Myscha Theriault's picture

I'm sure she is very happy. I usually was. It's just that snarky commenter just struck me on the wrong day. One thing I had to constantly face when I was an expat was people who didn't necessarily understand everything else that comes along with those types of jobs and made me feel like I had to feel "guilty" for my lifestyle. It was the commenter I was responding to, sorry if that wasn't clear. I'm certainly not trying to discourage anyone from trying the nomadic thing. It's in my blood too. Have a great afternoon!

Guest's picture

This is a great interview and very similar to others at the NuNomad blog. For those of you wanting to get other ideas for nomadic lifestyle, I've learned a lot by reading them. If you go to the blog, go to the Meet the Nomads category. I

Guest's picture

This is a great interview and very similar to others at the NuNomad blog. For those of you wanting to get other ideas for nomadic lifestyles, I've learned a lot by reading them. If you go to the blog, go to the Meet the Nomads category.

Guest's picture

Allen: I'm a consultant :) As other fellow consultants will attest to, it means 100% travel. If you're not willing to travel, you're in the wrong business....

Andrea: Well, I normally don't reply to those posts (actually who am I kidding?) but it just struck a chord in me... which is deftly explained and fleshed out by Myscha in her next comment.

Myscha: I haven't had the opportunity to travel beyond North America, but I can just imagine what kind of hassles would transpire from doing so. Especially in Europe, where a different language is almost a given. At least in North America, everything is sort-of always in English, which makes it easier...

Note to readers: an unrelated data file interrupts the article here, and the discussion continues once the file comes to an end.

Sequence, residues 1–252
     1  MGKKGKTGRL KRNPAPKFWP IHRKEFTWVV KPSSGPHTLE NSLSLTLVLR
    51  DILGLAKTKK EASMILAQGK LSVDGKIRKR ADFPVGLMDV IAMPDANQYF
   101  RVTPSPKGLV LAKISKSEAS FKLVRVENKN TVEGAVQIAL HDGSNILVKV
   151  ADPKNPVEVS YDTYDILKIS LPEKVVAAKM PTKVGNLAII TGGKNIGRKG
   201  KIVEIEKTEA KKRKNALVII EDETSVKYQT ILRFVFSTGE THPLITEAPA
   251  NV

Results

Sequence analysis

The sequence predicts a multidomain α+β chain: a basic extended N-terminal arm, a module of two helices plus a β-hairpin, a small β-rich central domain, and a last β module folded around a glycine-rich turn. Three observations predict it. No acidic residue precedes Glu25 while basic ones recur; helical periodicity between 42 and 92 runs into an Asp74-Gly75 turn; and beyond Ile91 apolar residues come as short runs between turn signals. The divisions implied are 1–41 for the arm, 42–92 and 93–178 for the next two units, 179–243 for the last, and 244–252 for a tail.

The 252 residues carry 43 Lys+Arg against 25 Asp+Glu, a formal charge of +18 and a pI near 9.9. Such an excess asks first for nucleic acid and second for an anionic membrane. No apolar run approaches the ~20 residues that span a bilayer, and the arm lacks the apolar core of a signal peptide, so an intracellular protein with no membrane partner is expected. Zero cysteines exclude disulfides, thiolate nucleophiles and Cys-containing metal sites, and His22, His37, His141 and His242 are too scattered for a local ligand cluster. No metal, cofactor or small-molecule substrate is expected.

I am extremely happy with my job, but that all depends on the client you end up working for. They can make your life a living hell but I've been super lucky with the projects I've been on.

I love doing what I do, and if I can clear a huge amount of debt in such a short amount of time (and as a result, build up a healthy emergency fund AND a big down payment on a mortgage), all the better.

As for comforts of the home... it's true. My husband and I keep thinking about the day we'll finally get a home and settle down, and be able to grow herbs, and do what we want to make it ours.

Everyone DOES imagine my life to be glamourous, on a plane, sipping champagne, and staying in plush posh hotels, but it is far from what actually happens. Being on a plane, catching cabs, and trying to find a decent place to eat something somewhat healthy is a trial, and trying to always tell myself: Hey, if you buy that bowl/purse/coat are you going to lug it around forever while you're travelling? ...gets to be hard.

Pros and Cons. :) Worst con: missing my friends. :(

Myscha Theriault's picture

I'm glad you felt supported by the comment. I certainly wasn't trying to speak for you . . . more like advocate for you and others in the position we've both been in. There are major perks, but it is certainly not a rose garden, is it? Good luck in your future endeavors.